Using your will to protect minor children
Many couples with young children wish to make a Will for the prime reason of ensuring that their children are properly cared for. Under the terms of The Guardianship of Minors Act 1971, no one has the automatic rights to guardianship of an orphaned child (even if they are immediate next of kin). Overriding jurisdiction rests with the courts, and an orphaned child may even be taken into care whilst a decision is being made.
The tenure of The Children Act 1989 is that the courts will, wherever possible, take into account the views of the children themselves in this matter, but the appointment of guardians in a parents’ Will is the most solid way of indicating a preferred choice, and it is vital that this issue should be given the fullest consideration where a Will involving minor children is concerned. The major criteria which should be borne in mind whilst choosing guardians are:
- They are of sound mind, are not bankrupt and do not have a criminal record
- The children already know them and have an existing relationship with them
- The children will be able to continue with their existing lifestyle wherever possible (eg religion, education, locality etc)
- Unmarried fathers do not have automatic rights to guardianship of their own children should the mother die, making it vital for unmarried couples with children to make a Will protecting the fathers’ rights.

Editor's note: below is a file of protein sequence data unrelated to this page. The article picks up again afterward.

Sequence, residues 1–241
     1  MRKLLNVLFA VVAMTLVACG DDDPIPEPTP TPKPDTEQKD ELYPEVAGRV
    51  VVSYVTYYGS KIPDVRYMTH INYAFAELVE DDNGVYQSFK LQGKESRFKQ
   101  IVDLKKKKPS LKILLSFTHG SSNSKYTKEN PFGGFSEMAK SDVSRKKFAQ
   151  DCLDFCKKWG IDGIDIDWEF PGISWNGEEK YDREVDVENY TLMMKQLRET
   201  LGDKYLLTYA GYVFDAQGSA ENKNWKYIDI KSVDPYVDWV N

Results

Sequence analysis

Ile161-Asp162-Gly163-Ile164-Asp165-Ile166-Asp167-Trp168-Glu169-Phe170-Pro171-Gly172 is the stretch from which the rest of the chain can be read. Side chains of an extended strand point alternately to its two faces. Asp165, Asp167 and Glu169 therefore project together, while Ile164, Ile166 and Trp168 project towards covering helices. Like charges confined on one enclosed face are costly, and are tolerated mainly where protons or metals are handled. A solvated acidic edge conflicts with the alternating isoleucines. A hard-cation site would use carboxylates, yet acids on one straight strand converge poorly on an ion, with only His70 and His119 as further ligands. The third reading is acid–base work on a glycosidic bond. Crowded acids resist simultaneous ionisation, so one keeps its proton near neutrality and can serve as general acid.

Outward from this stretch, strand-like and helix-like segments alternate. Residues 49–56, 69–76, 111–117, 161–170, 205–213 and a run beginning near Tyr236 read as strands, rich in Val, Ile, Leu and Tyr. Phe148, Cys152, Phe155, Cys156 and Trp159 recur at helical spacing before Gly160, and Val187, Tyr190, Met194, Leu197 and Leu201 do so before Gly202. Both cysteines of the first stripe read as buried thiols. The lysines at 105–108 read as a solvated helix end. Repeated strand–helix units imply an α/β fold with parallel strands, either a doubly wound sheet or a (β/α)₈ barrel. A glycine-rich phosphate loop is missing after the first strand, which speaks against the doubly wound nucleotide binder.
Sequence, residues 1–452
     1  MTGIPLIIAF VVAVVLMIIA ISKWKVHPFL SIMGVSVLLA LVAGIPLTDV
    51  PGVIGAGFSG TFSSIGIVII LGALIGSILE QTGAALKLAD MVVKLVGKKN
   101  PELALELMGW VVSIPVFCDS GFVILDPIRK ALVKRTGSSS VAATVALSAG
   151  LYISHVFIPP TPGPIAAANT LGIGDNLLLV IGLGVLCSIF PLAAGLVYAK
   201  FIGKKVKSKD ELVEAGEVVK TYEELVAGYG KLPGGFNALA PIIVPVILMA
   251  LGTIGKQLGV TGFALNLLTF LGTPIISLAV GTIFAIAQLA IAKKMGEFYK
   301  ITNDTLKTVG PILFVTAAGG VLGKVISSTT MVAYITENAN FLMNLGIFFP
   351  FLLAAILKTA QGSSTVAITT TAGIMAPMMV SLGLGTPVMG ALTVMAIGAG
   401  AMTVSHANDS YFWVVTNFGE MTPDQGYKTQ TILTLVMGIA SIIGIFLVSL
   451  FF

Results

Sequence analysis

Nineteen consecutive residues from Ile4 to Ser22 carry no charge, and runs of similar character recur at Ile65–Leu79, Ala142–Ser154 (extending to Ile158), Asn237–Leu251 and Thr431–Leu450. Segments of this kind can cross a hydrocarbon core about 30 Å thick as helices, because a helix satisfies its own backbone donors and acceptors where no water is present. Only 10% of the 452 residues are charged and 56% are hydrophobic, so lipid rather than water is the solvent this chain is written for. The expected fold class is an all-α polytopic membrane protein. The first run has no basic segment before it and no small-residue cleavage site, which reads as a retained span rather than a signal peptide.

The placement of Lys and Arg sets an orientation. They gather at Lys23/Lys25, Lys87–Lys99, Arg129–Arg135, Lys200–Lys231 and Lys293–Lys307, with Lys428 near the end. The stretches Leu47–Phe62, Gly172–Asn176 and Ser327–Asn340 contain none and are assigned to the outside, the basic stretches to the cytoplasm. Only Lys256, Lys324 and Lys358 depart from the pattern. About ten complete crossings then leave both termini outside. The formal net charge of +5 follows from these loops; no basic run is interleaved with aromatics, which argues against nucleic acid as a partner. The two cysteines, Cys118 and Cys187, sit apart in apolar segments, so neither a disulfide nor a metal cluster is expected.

After choosing suitable guardians, the second major consideration when making a Will involving minor children is ensuring satisfactory financial provision for your childrens’ upbringing. Children do not inherit money until they are eighteen, and until then Trustees will administer their estate. In the absence of a Will the courts will decide who administers your childrens’ inheritance until they are old enough, and a court decision may well be contrary to your own views in this matter. It is therefore essential that parents appoint Trustees of their own choosing in their Will, ensuring that the right people look after their childrens’ money.
When appointing Trustees to handle your childrens’ money there are many other points of which you may wish to give specific instructions, none of which would be possible without a Will. A few examples are:
- By law children do not inherit money until they are eighteen. However, many parents may well be uncomfortable with the thought of their children inheriting large sums of money at an early age, and may prefer to set up a trust until their children are twenty one (or an age indicated by you in your Will)
- You may wish to give specific instructions to your Trustees concerning the release of money from a trust fund to your chosen guardians to ensure that they have adequate funds to finance your childrens’ upbringing, educations etc.
- You may have particular requirements such as ensuring that sufficient finds are available for such things as university fees.
Benson Williams Professional Will Writers can advise on your personal circumstances. Contact us today for your free, no-obligation consultation.